At one particular McDonald’s drive-in in Boise, Idaho, a woman is spreading happiness with simple acts of kindness. Valerie LaChapelle works the morning shift at the McDonald’s and has been known for spreading infectious happiness to all who come to her window.
LaChapelle is a former methamphetamine addict. But she’s turned her life around and is now giving back in ways many can’t believe. LaChapelle has been known to wear clown noses at the drive-through window to make children laugh, and she has paid out of her pocket many times for food a customer cannot afford. Her friendly service has made her something of an institution at McDonald’s. And that’s all it took, small simple acts of kindness done only because she wanted to help someone, for an anonymous person to offer to pay for her dental work.
Her “drive-thru miracle,” as she calls it, was an anonymous donation from a customer to pay for the much needed dental work she has to have done. LaChapelle estimates the cost of her dental work at $6,000 to $8,000. Her former meth addiction did major damage to her teeth; only eight were left. Addiction to methamphetamines cost her not only her teeth but five years in prison. After being released, she lived in a shelter and a halfway house and worked three jobs to pay her fines and restitution leaving nothing left to take care of her own teeth. When she smiled, something she does a lot at the drive-thru, she covered her mouth and an anonymous customer took notice and offered to pay for all the dental work she would need so she can share her smile more. Until then, she has temporary dentures.
And she isn’t quiet about her addiction either. In fact, she uses her addiction experiences to help others, especially parents of young people who become addicted to drugs or alcohol.
“I’ve gone to Narcotics Anonymous and Alcoholics Anonymous meetings with them [addicts]. I’ve talked to parents who thought they’d done something wrong with their kids and helped them realize it wasn’t their fault, that doing drugs or alcohol is a choice people make on their own. I took them to Al Anon meetings where they learned that it wasn’t their fault that their kids were addicted and learned to help the kids make better choices.”
The bubbly and happy McDonald’s worker explained that kindness was infectious. Once others heard that she was truly helping those who are less fortunate, others began to go out of their way to get to her McDonald’s window to share their stories of miracles with her. At LaChappelle’s window, miracle stories are heard every day.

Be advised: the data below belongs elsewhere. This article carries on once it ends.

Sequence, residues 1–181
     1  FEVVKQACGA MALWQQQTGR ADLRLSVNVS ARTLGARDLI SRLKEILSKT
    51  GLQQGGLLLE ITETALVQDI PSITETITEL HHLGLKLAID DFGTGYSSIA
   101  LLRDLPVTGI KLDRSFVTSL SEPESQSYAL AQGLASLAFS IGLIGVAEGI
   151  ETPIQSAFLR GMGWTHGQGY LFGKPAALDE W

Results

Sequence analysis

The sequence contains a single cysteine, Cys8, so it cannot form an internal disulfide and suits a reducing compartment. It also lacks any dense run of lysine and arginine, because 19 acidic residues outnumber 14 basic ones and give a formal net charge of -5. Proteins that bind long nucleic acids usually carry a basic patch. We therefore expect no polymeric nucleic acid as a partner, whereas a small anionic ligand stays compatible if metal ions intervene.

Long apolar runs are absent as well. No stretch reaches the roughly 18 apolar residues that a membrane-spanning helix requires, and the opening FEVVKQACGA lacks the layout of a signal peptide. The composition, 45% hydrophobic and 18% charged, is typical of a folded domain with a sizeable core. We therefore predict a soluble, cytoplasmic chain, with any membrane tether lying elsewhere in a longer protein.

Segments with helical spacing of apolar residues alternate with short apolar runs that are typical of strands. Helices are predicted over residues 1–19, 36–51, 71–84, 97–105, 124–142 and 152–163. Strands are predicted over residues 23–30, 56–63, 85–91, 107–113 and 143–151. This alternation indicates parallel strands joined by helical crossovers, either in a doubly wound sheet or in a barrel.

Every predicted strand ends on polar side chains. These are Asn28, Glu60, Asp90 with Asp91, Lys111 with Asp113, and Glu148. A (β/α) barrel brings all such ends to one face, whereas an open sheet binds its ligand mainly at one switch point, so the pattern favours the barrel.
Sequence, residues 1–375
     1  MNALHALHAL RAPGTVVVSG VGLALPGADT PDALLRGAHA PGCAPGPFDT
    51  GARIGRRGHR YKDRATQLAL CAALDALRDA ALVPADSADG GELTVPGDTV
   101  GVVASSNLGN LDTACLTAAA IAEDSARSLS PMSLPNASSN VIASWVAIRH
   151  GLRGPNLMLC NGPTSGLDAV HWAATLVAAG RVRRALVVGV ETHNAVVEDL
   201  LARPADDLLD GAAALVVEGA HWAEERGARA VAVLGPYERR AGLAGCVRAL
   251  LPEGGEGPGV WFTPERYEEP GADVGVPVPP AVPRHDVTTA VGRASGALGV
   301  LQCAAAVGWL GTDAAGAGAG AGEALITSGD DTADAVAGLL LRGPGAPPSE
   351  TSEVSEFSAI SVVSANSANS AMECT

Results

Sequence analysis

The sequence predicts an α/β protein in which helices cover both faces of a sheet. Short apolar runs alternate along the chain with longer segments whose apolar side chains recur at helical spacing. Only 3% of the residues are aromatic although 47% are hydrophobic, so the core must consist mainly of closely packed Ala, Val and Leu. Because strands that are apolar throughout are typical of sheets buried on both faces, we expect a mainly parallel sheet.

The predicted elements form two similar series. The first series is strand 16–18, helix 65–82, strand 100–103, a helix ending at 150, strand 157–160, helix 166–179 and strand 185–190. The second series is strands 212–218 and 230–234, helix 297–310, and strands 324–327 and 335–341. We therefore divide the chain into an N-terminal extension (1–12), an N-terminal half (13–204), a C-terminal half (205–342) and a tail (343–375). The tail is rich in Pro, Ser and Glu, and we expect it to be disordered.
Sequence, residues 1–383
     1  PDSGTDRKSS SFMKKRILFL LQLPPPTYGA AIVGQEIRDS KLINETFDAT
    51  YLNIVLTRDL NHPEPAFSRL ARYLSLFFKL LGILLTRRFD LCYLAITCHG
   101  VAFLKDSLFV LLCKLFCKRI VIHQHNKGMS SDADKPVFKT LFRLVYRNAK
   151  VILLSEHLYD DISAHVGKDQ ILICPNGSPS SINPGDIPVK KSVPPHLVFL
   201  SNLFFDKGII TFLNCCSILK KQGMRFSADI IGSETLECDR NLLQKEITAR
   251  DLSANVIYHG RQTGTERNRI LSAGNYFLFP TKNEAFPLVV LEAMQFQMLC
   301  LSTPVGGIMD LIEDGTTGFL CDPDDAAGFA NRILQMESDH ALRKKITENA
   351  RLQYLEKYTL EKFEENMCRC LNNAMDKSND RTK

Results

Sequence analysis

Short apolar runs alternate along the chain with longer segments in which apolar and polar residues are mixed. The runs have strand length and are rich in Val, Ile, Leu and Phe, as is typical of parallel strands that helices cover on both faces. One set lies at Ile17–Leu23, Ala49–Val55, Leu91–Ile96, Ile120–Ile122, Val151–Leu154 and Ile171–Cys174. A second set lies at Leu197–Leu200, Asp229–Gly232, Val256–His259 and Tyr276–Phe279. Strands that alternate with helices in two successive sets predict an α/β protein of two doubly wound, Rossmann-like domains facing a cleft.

“One woman told me she had four kids and was walking everywhere she needed to go with the kids because she didn’t have a car. Somebody saw her walking with the kids every day and felt bad for her so they gave her a car.” Another customer told her that “his son wanted to play T-ball but they couldn’t afford it. He was explaining to his son that they didn’t have the money, and somebody overheard and gave him the money so his little boy could play.”
“I bought breakfast today for a guy who’d forgotten his wallet,” LaChapelle said. “The next time he came back, he brought me a card and gave me a $50 gift certificate. I don’t expect that. I don’t expect anyone to even pay me back. That’s not why I do it. When people do pay me back, and they usually do, I just save it for the next person who forgets their wallet.
“ … Today I had eight cars in a row pay for each other’s meals. It starts with one person. I say that the person in front of you paid for your breakfast, and they say they’ll pay for the person’s behind them. People say they never would have expected that at McDonald’s, but it happens all the time here.”
What LaChappelle is describing, is often known as the “ripple effect,” and one doesn’t need to look further than her drive-through window to see it in full swing.
“I’ve been offered jobs at other restaurants and at a hotel for $11 or $12 an hour, but I don’t see any sense in changing. I love my job. I just think I belong at McDonald’s.”
It’s an understatement to say that she’s turned her life around and helped many others in the process. Now another kind person has offered her thousands of dollars so she can confidently smile at the good she helps spread.
It’s easy to vote for the “good” and force others to do it for you, but what LaChappelle is doing, is really changing lives for the better through voluntary human interaction lead by kindness.
“ … My main focus now is just to be kind to people. You never know what one little thing can do.” -Valerie LaChappelle
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Contributed by Dawn Luger of The Daily Sheeple.